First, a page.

St. Charles County is pushing toward establishing its own prescription drug monitoring program [PDMP] that will operate with similar programs in St. Louis County and the city of St. Louis.
Meanwhile, some residents have raised concerns about whether the program would intrude on patient’s privacy.
The County Council gave a first reading and public airing of the bill establishing the county’s PDMP at its Sept. 12 meeting. The council isn’t expected to take final action until its meeting on Sept. 26. County Executive Steve Ehlmann requested the bill, which is sponsored by Councilman Joe Brazil [District 2].
Ehlmann announced the bill on Aug. 30 after months of consideration on whether or not the county would join with St. Louis city and county in establishing a local PDMP, because of lack of action by the Missouri General Assembly. State lawmakers opposed to a statewide PDMP say they are worried about privacy concerns.
“I’ve been saying for the last month or so that with this heroin thing no one wants to admit that it’s a problem out here, but I think we’re almost to the point where every family either has been affected by this or knows another family who has,” Ehlmann told the council on Sept. 12.
Authorities view a PDMP as critical in helping deal with what they are calling a “heroin epidemic” and widespread prescription drug abuse in the St. Louis area.
Missouri is the only state in the country without a database or system to track the sale of opiate-based prescriptions. Opiate-based drugs such as Oxycontin and Vicodin are prescribed by doctors to treat pain, but can cause addiction and lead to heroin abuse.
St. Charles County Prosecuting Attorney Tim Lohmar said a monitoring program might help prevent “doctor shopping,” where abusers go through a number of physicians to get prescriptions.
“I was at a meeting with DEA [Drug Enforcement Administration] agents and U.S. attorneys around the country just last week,” Lohmar told the council. “And Missouri is known affectionately as ‘America’s Drugstore.’”
Several residents at the Sept. 12 meeting raised concerns about privacy of medical records during a public comment portion of the meeting.
“I don’t understand why they [St. Charles County] want to take away my right to privacy,” said Nina Dean, an O’Fallon resident.
Dean said PDMP proponents are “well-intentioned,” but she worried about how the county will be able to safeguard medical information that may be easily hacked.
Arnie Dienoff, another resident, also opposed the bill, saying any effort to establish as PDMP belongs in Jefferson City were state legislators can discuss it in a “broader sense.” Resident David Guest asked if a county PDMP was a violation of Health Insurance Portability and Accountability [HIPPA] laws that protect access to private medical information.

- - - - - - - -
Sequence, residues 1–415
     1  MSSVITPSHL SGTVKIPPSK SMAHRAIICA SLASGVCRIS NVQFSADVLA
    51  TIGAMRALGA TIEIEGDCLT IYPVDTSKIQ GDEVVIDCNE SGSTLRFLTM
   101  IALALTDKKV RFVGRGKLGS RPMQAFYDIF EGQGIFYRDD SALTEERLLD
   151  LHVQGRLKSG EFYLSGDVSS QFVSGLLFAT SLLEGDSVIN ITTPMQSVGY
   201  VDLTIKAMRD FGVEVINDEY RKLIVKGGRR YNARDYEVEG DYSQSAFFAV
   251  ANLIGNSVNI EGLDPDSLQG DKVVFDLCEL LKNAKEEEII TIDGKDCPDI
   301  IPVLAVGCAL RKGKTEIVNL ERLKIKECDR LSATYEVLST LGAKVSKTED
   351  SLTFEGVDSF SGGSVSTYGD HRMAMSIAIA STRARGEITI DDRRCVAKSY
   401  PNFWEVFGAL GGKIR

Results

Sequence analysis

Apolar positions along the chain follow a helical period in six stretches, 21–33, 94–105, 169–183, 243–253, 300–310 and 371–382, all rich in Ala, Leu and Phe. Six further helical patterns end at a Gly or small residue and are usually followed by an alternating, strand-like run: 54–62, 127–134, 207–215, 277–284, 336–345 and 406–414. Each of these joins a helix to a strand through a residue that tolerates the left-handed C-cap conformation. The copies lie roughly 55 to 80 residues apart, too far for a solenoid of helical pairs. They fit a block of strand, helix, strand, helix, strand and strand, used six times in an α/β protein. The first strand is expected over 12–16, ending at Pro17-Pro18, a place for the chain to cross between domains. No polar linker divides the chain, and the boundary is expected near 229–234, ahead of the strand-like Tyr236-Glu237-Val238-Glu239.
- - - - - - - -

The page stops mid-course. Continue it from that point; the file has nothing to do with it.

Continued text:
The state has not taken action on the matter.
“We’re not looking at the people getting the drugs, we’re looking at the prescribers, that is what we are targeting,” said St. Charles County Department of Public Health director Hope Woodson, who said the county has been working with the St. Louis County Department of Public Health to implement the program.
In a memo to the council, Woodson said passage of the bill would allow the county to sign intergovernmental agreements with St. Louis County and other counties.
Woodson said data on individual prescribers would be shared with the Missouri Board of Registration for the Healing Arts, which regulates physicians.
Meanwhile, Ehlmann and Joann Leykam, the county’s director of administration, agreed that state legislation enacted to setup a statewide PDMP could override local PDMPs, depending on whether preemptive language is added.
Ehlmann said a good argument can be made that a statewide PDMP may be more effective, because doctor shoppers can move out to other counties without a PDMP.
Brazil said heroin and opiate abuse may contributing to rising crime in the county.
“We are in the trenches with this problem, we see this every day,” Brazil said. “We are forced to do something.”
In March, the St. Louis County Council passed a bill creating a PDMP in that county, which St. Louis County Executive Steve Stenger signed into law. That action was followed by the city of St. Louis.
Ehlmann said the county wanted to see if the Missouri General Assembly would pass a bill. The House did, but the bill faltered in the Senate. In addition, the county also wanted to see how St. Louis County would set up its own PDMP. He asked the council to forward any questions before they acted on the bill.
“I think we were wise to wait, I think we would be very unwise not to act,” Ehlmann said.